At least in title, Doug Williams is now in charge of personnel in Washington.
And for the man who has fought for opportunities for minorities in football, it marked a high point, so far.
Via Peter King of TheMMQB.com, Fritz Pollard Alliance chairman John Wooten felt a since of pride with Williams’ being named senior vice president of player personnel.
“It’s so gratifying,” Wooten said. “It tells me how far we’ve come as a league. I will never forget, years ago, when [Dallas president] Tex Schramm said to me, ‘You’re trying to tell us who to hire!’ I said, ‘No, Tex. We simply want a chance to interview for these jobs.’ And now, everyone is just trying to do what they can to make equal opportunity in coaching and the front office a reality.”
Williams’ hiring is significant for several reasons, beginning with the fact he once quarterbacked the team to a Super Bowl title. But he’s also breaking ground in the front office for the team which was the last to integrate, and which has never had a minority as the top personnel executive. (While team president Bruce Allen’s probably still in charge, Williams nonetheless has the top title in the personnel side.)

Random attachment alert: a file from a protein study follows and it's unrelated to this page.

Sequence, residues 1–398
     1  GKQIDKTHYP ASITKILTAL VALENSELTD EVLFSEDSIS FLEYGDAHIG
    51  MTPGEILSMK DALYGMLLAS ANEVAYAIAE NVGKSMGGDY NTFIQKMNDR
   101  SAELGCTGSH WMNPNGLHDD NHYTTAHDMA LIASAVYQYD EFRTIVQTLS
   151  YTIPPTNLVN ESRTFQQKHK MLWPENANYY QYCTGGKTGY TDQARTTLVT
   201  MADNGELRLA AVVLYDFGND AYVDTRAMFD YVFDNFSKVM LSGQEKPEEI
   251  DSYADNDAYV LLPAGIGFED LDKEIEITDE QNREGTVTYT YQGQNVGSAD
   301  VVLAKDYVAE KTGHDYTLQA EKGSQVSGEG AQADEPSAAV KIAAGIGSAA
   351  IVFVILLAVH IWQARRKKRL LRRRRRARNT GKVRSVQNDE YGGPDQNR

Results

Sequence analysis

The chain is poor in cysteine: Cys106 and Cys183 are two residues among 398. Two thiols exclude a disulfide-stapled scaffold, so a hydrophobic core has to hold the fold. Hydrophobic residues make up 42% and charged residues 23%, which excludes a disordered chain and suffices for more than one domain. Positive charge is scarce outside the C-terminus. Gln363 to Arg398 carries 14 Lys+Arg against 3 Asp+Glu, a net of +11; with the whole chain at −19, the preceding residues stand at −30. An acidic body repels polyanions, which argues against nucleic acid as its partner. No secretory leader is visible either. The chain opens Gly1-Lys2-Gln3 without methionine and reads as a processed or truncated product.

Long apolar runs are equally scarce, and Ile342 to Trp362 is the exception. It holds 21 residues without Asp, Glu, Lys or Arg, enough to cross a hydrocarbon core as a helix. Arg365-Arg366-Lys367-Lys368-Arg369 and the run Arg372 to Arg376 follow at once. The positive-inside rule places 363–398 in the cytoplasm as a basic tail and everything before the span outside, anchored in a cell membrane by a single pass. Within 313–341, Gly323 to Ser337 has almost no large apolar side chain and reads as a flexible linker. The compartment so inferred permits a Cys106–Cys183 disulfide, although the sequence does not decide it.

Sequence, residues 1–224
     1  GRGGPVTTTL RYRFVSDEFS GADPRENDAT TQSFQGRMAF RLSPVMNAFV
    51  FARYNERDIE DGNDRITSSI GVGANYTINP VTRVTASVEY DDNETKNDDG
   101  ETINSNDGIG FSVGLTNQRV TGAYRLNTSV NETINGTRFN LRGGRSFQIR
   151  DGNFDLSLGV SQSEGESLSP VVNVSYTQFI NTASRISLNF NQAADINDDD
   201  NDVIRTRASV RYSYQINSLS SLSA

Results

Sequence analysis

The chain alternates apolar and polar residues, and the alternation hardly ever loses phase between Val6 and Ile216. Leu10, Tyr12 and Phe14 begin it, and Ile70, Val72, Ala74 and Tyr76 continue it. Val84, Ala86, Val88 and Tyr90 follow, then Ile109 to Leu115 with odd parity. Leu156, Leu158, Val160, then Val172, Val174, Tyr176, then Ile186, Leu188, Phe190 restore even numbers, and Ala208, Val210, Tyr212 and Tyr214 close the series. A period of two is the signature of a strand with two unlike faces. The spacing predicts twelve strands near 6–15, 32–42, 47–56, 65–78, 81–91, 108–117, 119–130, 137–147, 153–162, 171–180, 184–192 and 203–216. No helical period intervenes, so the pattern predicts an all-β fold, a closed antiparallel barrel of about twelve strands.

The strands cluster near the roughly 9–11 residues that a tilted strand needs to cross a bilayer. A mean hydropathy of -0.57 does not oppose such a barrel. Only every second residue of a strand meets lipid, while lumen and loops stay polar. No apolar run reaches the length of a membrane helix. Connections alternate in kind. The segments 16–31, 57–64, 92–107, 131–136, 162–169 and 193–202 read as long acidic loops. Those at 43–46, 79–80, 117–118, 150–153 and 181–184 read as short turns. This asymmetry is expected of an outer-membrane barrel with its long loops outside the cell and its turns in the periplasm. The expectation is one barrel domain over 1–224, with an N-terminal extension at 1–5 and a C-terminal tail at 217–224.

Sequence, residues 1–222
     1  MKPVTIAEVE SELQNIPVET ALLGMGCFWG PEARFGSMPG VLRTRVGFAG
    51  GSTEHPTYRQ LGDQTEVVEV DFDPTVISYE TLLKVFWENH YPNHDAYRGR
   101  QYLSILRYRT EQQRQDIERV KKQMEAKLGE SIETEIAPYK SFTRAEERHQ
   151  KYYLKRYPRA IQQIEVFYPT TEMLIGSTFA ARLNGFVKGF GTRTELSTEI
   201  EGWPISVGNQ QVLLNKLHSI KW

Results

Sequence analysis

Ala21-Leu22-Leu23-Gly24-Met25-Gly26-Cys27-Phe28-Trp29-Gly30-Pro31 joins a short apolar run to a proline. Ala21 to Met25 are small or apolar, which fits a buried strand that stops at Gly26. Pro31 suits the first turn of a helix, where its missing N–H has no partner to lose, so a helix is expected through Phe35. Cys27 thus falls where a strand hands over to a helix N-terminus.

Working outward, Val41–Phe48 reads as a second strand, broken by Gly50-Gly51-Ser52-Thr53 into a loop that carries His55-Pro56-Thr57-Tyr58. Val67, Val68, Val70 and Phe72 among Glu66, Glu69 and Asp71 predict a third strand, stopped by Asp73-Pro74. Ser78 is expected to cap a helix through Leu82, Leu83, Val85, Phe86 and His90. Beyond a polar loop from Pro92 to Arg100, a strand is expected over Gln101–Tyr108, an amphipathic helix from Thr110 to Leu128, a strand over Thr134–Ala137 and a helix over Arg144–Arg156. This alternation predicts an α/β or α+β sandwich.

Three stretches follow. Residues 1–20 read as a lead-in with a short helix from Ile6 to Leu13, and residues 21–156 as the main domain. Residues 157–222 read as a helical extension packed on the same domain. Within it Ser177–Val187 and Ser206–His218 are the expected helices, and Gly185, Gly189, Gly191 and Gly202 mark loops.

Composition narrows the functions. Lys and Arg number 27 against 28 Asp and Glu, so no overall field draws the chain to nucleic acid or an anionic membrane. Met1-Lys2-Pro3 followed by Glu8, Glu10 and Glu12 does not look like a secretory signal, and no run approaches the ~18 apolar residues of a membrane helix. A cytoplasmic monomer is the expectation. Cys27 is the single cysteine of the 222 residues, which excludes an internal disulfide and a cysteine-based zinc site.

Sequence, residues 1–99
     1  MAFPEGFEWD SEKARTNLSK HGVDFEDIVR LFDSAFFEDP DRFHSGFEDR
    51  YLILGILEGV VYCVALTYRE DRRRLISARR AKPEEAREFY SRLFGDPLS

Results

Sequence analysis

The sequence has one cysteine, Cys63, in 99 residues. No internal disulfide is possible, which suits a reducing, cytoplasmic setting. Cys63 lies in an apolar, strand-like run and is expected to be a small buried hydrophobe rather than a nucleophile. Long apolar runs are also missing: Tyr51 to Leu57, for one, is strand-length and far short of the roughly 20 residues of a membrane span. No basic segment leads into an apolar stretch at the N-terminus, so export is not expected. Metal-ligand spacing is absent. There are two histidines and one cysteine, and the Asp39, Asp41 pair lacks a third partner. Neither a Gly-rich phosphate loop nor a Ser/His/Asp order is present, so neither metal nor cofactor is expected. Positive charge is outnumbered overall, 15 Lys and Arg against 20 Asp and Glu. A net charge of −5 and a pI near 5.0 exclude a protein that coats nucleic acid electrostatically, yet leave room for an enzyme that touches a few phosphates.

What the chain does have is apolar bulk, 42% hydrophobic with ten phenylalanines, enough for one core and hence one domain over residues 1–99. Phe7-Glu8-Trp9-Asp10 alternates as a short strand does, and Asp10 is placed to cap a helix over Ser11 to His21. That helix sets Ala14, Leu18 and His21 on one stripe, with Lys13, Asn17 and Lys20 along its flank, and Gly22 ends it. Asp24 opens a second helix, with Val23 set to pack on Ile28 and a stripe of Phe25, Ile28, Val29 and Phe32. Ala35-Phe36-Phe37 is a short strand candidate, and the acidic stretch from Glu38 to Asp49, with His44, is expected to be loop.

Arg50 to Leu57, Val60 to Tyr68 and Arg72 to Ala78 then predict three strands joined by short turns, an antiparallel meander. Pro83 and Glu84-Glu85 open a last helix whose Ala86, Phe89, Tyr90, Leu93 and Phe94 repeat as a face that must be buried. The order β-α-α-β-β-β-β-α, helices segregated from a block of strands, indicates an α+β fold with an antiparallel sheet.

He also brings to 15 the number of minorities who hold top positions on the field or in the front office, and that number was just 10 in 2013.
Eight current NFL coaches come from minority backgrounds: Ron Rivera (Panthers), Marvin Lewis (Bengals), Hue Jackson (Browns), Vance Joseph (Broncos), Jim Caldwell (Lions), Anthony Lynn (Chargers), Todd Bowles ) Jets), and Mike Tomlin (Steelers).
Wooten also lists seven minorities as holding top personnel jobs. While titles and internal hierarchies differ from team to team, he’s counting Ozzie Newsome (Ravens), Sashi Brown (Browns), Rick Smith (Texans), Reggie McKenzie (Raiders), Chris Grier (Dolphins), Jerry Reese (Giants), and Williams.
Again, not all of those guys have final say over the rosters, but the growing ranks of minorities in personnel departments brings Williams back to the lessons he learned from his legendary coach at Grambling.
“Eddie Robinson never said, ‘You can do this because you’re black,’” Williams said. “He said, ‘If you’re ever going to get a chance, you’re going to get a chance in America.’ And here it is.”
And while the system is far from fixed, and the field is far from level, there is at least progress in the area Wooten has fought for.